Turning Tide (En solitaire): Film Review
Francois Cluzet (“The Intouchables”) stars in this tale of a daring yacht race, which marks the feature debut of DP Christophe Offenstein (“Blood Ties”).
A fearless sailor finds his biggest race hindered by an unexpected stowaway in Turning Tide (En solitaire), the directorial debut of French cinematographer Christophe Offenstein (Blood Ties).
Starring Francois Cluzet as a navigator determined to win the Vendée Globe -- a 3-month-long race around the world, with each yacht steered by a sole captain -- and Samy Seghir as an immigrant boy who sneaks on board, the film offers a rugged and realistic look at international sailing competitions, where man is really on his own against the overwhelming forces of nature.
But as a dramatic two-hander, Turning Tide mostly falls flat, failing to build up characters you want to spend a lot time with, while never providing the nail-biting tension of a veritable sports flick. After a huge local rollout by Gaumont, the €17 million ($23 million) Euro co-production should see middling overseas business, with a competition premiere in Rome’s Alice in the Cities sidebar.
Written by Offenstein and producer Jean Cottin (The Last Flight), the scenario dishes out lots of exposition in its early reels, introducing us to Yann Kermadec (Cluzet), whose robust demeanor and Breton name suggest a man who’s spent more years at sea than on shore. Already aboard his heavily sponsored, solar-powered and extremely hi-tech vessel, he’s in constant communication with the love of his life, Marie (Virginie Efira), and her brother, Franck (Guillaume Canet, for whom Offenstein serves as a regular DP), a fellow sailor who’s been grounded after an accident, and who’s coaching Yann through his first ever stab at the Vendée prize.
Cutting between impressively shot, nearly wordless sequences of Yann steering his ship out of French waters, and plenty of throwaway ones where his girlfriend and daughter (Dana Priget) deal with their clichéd family issues at home, the film establishes an uneven tone from the get-go, and never really loses it. Granted, it’s hard to be as persistent as J.C. Chandor in All is Lost, forgoing any backstory to focus on the sheer magnitude of being alone at sea, but Offenstein tends to undermine his own exploits by inserting too many hammy scenes amid the otherwise awe-inspiring action.
After some smooth sailing, the course changes drastically when Yann’s ship is damaged and he’s forced to anchor off the Canary Islands. When he gets back in the race, he discovers that Mano (Seghir), a teenage boy from Mauritania, has snuck inside his boat, and there’s really no other choice but to allow him to clandestinely tag along, at least until they sail across the Atlantic.
Unable to communicate at first, the two spend a lot of time ignoring one another, although Yann's attitude changes when they’re forced to pick up a shipwrecked competitor (Karine Vanasse, Polytechnique) who discovers their secret. Later, Yann learns that Mano suffers from anemia and decides to give him medical treatment, even if he hasn’t completely gained his trust.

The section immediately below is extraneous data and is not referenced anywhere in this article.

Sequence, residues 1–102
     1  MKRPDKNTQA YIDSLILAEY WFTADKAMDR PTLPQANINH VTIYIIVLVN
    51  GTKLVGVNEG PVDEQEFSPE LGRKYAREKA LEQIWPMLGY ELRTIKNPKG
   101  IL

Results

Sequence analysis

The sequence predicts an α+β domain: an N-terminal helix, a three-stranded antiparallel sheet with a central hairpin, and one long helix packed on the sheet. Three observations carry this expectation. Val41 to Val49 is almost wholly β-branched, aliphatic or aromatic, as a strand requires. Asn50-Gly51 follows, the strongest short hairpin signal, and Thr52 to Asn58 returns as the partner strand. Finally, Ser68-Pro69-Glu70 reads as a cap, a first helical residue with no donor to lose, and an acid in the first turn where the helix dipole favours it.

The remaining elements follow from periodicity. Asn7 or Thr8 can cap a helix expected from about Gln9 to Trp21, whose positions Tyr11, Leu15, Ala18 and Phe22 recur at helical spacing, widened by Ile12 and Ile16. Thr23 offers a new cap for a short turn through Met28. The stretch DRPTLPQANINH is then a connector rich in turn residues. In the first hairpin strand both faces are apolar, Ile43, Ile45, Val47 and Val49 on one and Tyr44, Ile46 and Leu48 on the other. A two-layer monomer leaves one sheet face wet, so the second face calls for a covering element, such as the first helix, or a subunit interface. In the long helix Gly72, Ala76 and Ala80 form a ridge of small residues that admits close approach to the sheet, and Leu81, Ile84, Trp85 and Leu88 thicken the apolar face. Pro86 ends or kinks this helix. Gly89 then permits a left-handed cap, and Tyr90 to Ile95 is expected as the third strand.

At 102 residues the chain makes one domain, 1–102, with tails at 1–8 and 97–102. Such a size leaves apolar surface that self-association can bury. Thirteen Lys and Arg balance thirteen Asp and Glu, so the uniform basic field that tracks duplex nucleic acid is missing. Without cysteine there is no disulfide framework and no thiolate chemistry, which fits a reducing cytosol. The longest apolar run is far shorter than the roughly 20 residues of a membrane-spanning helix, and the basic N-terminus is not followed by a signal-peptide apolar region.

It's fairly obvious from early on that the gruff seafarer will come to change his mind about his troubled passenger, and the film hardly does anything to deter that suspicion, with each character behaving as you’d expect them to. And despite a scenario that clearly reflects current events in Europe, where thousands of illegal immigrants try to land ashore each year, Offenstein fails to raise any real questions here, trusting instead in the sheer goodwill of everyone involved. (Although one bit of dialogue, where Mano wonders why anyone would race around the world at all, does a good job at pinpointing the chasm separating the two characters and cultures.)
Much more successful are Offenstein’s attempts to capture the intensity and recklessness of the race, with many scenes shot in extreme conditions that feel like the real thing. Working with another gifted Gallic cameraman, Guillaume Schiffman (The Artist), the filmmakers weather wind, waves, rain and lots of shakiness, creating an atmosphere that’s as close to the recent documentary Leviathan as a commercial movie can be.
It’s unfortunate, then, that the outcome is as foreseeable as it is rather anticlimactic, with the score by Victor Reyes (Grand Piano) turned up to the max in order to provide a much-needed closing hook. And despite good performances from both the vet Cluzet and the upcoming Seghir (Neuilly sa mere!), Turning Tide manages to cross many oceans while remaining both emotionally and thematically landlocked.
Opens: Wednesday, Nov. 6 (in France)
Production companies: Gaumont, Les Films du Cap, Scope Pictures, A Contracorriente Films, TF1 Films Production
Cast: Francois Cluzet, Samy Seghir, Virginie Efira, Guillaume Canet, Karine Vanasse
Director: Christophe Offenstein
Screenwriters: Jean Cottin, Christophe Offenstein, based on an idea by Frederic Petitjean
Producers: Sidonie Dumas, Jean Cottin, Laurent Taieb
Director of photography: Guillaume Schiffman
Production designers: Olivier Radot, Thierry Chavenon
Costume designer: Muriel Legrand
Music: Victor Reyes, in collaboration with Patrice Renson
Editor: Veronique Lange
Sales agent: Gaumont
No rating, 101 minutes